Dos and Don’ts in Photos
Do wear appropriate mourning clothes for a funeralWith the censurable invasion of the casual into every circumstance of life, it is becoming more difficult to find persons who know the rules of dress for a funeral. They are quite simple.
The photos on this page give us good examples that make the proper forms easier to learn. Above, we see a photo of the funeral of the Duchess of Cornwall's father, Major Bruce Shand, which took place on June 6, 2006. Camilla, the Duchess, is said to be the second wife of Prince Charles, although this title has not been universally accepted.
In the photo we see that she and other close relatives of Major Shand are wearing deep mourning clothes, which translates as full black. White shirts for men do not break deep mourning. Princes William and Harry are wearing light mourning, dressed in grey suits with black ties, as is appropriate for indirect relatives or acquaintances.
In the photo below, William along with some ladies are attending the funeral of his nanny, Olga Powell, on October 10, 2012. We see an interesting variety of light mourning clothes, that is, greys and dark blues for those who had no direct links of blood or marriage with the deceased. The Prince himself is wearing a navy suit with a black tie; the ladies display a distinguished selection of outfits of good taste, which reveals that mourning does not necessarily mean full black for all.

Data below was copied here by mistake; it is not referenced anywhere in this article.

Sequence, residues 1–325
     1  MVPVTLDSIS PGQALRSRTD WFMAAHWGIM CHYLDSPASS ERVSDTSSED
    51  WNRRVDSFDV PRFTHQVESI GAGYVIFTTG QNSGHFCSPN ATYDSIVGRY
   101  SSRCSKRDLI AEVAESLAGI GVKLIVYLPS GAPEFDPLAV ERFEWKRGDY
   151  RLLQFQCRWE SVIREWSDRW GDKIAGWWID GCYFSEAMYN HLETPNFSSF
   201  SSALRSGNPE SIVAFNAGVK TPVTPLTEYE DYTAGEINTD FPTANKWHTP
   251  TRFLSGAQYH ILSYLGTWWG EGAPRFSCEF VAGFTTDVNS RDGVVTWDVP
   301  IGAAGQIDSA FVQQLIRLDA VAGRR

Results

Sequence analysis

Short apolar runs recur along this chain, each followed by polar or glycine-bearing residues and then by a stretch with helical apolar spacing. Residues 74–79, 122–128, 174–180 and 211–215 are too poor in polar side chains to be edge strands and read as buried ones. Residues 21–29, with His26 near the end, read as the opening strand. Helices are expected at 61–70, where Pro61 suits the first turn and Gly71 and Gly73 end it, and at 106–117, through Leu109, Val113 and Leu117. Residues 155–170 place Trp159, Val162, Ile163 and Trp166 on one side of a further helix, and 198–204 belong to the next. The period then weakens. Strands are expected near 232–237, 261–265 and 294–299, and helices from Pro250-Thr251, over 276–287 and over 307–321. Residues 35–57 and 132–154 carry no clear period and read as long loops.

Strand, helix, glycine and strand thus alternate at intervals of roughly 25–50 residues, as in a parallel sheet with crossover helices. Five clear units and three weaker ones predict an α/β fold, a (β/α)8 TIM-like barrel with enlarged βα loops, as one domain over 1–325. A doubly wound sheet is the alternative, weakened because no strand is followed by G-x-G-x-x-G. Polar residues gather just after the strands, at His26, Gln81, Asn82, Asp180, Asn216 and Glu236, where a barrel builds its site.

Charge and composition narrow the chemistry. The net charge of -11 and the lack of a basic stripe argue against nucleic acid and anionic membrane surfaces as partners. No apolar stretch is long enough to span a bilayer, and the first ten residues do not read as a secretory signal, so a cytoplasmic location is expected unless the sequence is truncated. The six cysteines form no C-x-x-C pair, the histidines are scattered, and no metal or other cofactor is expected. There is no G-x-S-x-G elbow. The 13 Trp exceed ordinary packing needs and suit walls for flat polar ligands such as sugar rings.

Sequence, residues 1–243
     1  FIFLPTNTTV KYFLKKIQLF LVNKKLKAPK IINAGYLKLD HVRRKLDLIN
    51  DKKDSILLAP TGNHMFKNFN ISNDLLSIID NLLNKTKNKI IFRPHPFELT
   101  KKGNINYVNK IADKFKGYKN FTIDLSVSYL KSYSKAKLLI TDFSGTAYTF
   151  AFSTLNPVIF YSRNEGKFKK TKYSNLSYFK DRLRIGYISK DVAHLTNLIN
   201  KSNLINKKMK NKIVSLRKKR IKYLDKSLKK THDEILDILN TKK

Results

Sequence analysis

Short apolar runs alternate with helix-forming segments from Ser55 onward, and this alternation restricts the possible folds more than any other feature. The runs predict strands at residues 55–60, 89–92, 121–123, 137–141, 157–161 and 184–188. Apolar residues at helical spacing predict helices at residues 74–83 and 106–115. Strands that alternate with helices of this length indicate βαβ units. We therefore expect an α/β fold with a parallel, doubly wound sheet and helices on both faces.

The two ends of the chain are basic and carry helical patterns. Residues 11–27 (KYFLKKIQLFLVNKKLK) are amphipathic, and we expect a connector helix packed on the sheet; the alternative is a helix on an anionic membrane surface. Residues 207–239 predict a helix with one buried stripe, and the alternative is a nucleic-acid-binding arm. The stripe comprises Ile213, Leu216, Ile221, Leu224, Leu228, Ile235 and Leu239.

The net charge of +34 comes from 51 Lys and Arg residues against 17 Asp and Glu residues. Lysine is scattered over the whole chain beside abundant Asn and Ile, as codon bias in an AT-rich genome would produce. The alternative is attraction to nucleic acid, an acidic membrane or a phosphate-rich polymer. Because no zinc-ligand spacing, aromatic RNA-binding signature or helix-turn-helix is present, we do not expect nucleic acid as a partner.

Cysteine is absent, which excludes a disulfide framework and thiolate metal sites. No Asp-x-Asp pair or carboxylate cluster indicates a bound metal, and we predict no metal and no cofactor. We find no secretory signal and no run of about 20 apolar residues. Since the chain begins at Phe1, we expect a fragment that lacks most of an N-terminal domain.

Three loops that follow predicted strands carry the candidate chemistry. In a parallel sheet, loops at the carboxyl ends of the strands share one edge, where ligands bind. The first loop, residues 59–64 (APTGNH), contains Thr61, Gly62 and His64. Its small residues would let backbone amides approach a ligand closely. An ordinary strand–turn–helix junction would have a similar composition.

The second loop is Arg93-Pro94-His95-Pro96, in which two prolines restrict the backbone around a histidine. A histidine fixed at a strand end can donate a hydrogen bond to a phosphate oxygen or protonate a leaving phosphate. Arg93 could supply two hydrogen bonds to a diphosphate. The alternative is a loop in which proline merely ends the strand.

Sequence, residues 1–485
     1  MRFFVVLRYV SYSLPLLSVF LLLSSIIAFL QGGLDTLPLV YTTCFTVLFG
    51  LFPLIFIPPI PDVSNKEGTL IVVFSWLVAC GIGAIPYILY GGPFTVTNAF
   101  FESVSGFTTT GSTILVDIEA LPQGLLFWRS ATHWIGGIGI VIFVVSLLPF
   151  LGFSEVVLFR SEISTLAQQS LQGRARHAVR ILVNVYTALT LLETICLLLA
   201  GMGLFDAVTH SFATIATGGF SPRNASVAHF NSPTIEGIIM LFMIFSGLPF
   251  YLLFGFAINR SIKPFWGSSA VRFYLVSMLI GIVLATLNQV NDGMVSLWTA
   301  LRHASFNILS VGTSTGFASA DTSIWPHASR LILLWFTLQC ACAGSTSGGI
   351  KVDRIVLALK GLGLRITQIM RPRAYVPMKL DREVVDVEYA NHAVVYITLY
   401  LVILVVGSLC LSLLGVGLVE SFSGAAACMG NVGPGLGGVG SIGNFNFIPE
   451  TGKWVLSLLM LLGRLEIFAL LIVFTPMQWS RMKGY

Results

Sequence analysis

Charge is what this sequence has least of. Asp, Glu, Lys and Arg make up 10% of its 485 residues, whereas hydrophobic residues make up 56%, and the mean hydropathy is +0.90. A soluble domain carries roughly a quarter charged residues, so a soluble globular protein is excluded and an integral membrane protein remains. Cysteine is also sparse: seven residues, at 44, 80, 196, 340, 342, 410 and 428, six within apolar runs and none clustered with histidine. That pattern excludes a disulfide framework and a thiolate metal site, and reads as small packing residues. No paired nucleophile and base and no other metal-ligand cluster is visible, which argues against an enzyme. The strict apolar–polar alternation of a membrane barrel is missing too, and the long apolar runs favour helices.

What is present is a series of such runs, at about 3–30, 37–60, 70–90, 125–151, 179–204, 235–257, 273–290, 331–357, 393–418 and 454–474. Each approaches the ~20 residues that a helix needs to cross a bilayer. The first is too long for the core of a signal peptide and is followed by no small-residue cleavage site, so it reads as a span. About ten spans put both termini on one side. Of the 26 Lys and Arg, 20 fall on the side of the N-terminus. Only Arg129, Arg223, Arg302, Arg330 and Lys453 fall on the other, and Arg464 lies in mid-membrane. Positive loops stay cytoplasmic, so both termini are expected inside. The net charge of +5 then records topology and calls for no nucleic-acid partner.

For gentlemen, it is appropriate to wear black, navy or grey suits, or even discrete sports coats, always with a black tie and leather shoes. Do this, no matter how addicted to blue jeans and tennis shoes you may be.
For ladies, follow the photos on this page. And, please, out of respect for the deceased, don't make a show of legs at his or her funeral; use below-the-knee skirts. A last point: Unless you are a close relative who cannot hold back your tears, do not use dark glasses indoors. You don't need to pretend to be in a delirium of sorrow and tears. This is another extravagant exaggeration made in Hollywood that should be avoided by persons of good taste.
Do wear appropriate mourning clothes when you go to a funeral.
Elaine M. Jordan